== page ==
Guest column Nate Budington: What the ‘pandemic semester’ could be for high schoolers

Published: 3/29/2020 9:58:45 AM

High school students are about to get a taste of what it means to reinvent a school on the fly.

Educators are creating online curricula with no time to experiment, and teachers, normally energized by the interplay between readings and roomfuls of students, will be left to figure out what to do as they stare into their laptops.

At most schools this sudden online semester will offer less rigor and a bland replication of what happens in a classroom. Expect a messy implementation. And it seems probable that schools are going to be liberal about grading given the chaos that is almost guaranteed. My best guess is that most students will see a nice GPA bump after this spring if they do what’s minimally expected.

For students who love the challenge of their high school classes, or who aim to attend colleges that accept a small percentage of their applicants, worry is already setting in. This is especially so for juniors who are afraid that the most important year of all for college admission will be a total write-off. Many of us are already fielding calls from students concerned about what this means for their college applications.

We’ve been trained to think of schooling as a series of increasingly more challenging lessons involving textual analysis, scientific experimentation and historical/social literacy interspersed with training in the arts and second languages. This is largely the basis of all non-technical schooling from second grade on and will remain the foundation for this sudden online experiment.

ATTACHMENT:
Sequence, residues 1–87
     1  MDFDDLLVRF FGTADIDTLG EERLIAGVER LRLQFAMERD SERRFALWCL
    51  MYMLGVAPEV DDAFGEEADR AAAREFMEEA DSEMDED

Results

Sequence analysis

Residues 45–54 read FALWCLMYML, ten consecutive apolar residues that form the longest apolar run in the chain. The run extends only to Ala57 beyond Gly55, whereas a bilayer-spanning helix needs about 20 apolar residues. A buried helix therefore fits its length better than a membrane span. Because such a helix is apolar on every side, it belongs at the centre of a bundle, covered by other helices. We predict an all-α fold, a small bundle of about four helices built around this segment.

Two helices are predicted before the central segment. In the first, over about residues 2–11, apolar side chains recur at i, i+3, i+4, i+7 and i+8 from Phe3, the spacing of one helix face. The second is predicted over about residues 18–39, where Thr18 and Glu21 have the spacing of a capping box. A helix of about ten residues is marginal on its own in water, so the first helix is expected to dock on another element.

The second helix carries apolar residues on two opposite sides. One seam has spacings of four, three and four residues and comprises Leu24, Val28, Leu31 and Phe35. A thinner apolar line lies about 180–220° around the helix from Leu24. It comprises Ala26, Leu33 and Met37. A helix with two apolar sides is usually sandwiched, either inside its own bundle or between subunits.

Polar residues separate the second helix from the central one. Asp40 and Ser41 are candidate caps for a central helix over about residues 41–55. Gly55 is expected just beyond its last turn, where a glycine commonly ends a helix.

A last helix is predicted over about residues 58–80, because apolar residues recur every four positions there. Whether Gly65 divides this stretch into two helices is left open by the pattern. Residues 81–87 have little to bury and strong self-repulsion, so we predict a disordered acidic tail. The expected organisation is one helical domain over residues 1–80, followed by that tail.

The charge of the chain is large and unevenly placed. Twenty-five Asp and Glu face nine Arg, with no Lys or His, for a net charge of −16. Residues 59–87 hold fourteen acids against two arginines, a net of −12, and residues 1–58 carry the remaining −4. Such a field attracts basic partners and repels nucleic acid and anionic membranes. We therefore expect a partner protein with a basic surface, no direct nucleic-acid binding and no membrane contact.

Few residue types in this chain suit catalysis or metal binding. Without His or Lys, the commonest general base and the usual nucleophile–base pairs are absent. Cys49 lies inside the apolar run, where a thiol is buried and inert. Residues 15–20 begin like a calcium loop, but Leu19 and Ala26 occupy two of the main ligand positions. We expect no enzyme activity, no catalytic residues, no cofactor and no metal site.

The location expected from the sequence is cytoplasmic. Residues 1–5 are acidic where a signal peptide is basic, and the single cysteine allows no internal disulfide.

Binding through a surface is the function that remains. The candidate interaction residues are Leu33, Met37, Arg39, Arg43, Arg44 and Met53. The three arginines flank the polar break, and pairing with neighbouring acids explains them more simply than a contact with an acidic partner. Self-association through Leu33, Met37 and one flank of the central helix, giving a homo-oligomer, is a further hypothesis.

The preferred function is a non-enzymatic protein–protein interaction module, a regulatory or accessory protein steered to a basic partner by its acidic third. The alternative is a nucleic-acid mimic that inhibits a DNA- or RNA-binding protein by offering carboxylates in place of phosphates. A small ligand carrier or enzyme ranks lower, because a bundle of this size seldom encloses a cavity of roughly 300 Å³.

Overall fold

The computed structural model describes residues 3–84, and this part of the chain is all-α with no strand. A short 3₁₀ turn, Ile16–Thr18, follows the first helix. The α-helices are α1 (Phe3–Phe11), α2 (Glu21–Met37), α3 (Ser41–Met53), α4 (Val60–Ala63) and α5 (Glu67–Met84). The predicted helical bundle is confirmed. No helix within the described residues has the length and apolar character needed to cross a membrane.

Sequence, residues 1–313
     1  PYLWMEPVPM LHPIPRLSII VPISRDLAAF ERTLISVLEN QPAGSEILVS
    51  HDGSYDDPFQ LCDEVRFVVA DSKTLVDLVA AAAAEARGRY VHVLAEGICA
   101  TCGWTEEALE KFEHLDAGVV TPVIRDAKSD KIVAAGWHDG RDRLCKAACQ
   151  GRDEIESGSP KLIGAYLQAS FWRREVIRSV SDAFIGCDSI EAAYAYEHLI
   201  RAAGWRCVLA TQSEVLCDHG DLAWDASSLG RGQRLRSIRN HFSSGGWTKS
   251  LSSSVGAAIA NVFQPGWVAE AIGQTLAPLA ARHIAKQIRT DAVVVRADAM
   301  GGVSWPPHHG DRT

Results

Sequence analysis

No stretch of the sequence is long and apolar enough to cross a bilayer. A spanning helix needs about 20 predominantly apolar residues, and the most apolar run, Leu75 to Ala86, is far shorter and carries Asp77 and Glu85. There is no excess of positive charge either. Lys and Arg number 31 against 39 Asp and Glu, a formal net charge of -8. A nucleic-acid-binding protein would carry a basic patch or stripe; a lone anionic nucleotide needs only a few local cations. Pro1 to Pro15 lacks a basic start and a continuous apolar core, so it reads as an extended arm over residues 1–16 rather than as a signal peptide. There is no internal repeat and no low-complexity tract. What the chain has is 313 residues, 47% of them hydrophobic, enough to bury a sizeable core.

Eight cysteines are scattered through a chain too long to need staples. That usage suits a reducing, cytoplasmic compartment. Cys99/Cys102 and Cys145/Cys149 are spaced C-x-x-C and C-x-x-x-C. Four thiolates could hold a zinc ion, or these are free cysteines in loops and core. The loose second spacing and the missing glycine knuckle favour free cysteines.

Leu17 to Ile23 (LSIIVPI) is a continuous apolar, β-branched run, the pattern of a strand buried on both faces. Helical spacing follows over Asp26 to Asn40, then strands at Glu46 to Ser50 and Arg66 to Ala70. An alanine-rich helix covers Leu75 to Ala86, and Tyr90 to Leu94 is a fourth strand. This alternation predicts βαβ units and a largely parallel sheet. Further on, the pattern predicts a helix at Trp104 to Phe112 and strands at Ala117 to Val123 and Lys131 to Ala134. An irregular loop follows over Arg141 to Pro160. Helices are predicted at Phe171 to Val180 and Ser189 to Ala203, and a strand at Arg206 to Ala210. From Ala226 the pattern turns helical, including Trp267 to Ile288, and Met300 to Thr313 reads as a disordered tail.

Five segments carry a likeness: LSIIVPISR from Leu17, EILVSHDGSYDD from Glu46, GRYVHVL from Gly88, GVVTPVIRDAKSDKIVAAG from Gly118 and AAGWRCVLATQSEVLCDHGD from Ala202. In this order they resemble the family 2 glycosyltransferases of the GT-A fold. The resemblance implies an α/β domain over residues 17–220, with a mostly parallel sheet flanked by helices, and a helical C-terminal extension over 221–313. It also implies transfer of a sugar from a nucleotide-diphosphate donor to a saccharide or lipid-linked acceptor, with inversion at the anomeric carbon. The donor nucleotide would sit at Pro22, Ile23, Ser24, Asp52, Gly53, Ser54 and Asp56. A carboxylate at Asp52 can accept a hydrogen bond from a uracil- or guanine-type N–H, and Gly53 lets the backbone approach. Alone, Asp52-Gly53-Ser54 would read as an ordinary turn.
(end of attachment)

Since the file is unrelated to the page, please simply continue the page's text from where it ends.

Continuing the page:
But there is an unexpected bright spot as we all enter into the surreal and solitary world of social distancing and online learning: The chance for conventional high school students to engage with the unschooling movement. For a brief moment — the pandemic semester — there’s a chance for high schoolers to break free from the formal definition of schooling and do something truly different. And colleges will love it.

What could that mean? Pick a spot in the woods and do your own habitat study. Write and record a series of original music. Organize a neighborhood effort to convert flower gardens into pollinator-friendly environments. Write a novel. Learn how to build furniture. Take a kayak to Brattleboro and paddle back to Turners Falls, keeping an eye out for bald eagles. Create an online platform to reach out to your fellow students who were socially isolated even before the pandemic. Or do all of these.

A year from now when we have hopefully emerged from this pandemic, colleges are going to be asking the question “So what did you do in the time you weren’t in school?”

Students who have taken the initiative to offer something more than good grades in their online courses will rise to the top. By embracing the successful work done by the unschooling movement, students will not only add something powerful and original to their high school portfolio, they’ll also do something critical for their own self care in a time of boredom and fear.

This a rare, though brief opportunity for our high schoolers to reimagine themselves as learners and to get out of their heads long enough to engage in a new way, the land and community of which they are a part. One side benefit is they won’t have to fret over their college essay. It will have written itself.

Nate Budington is an independent college admission advisor in Amherst, and a former admission officer at Williams College and the University of Redlands.




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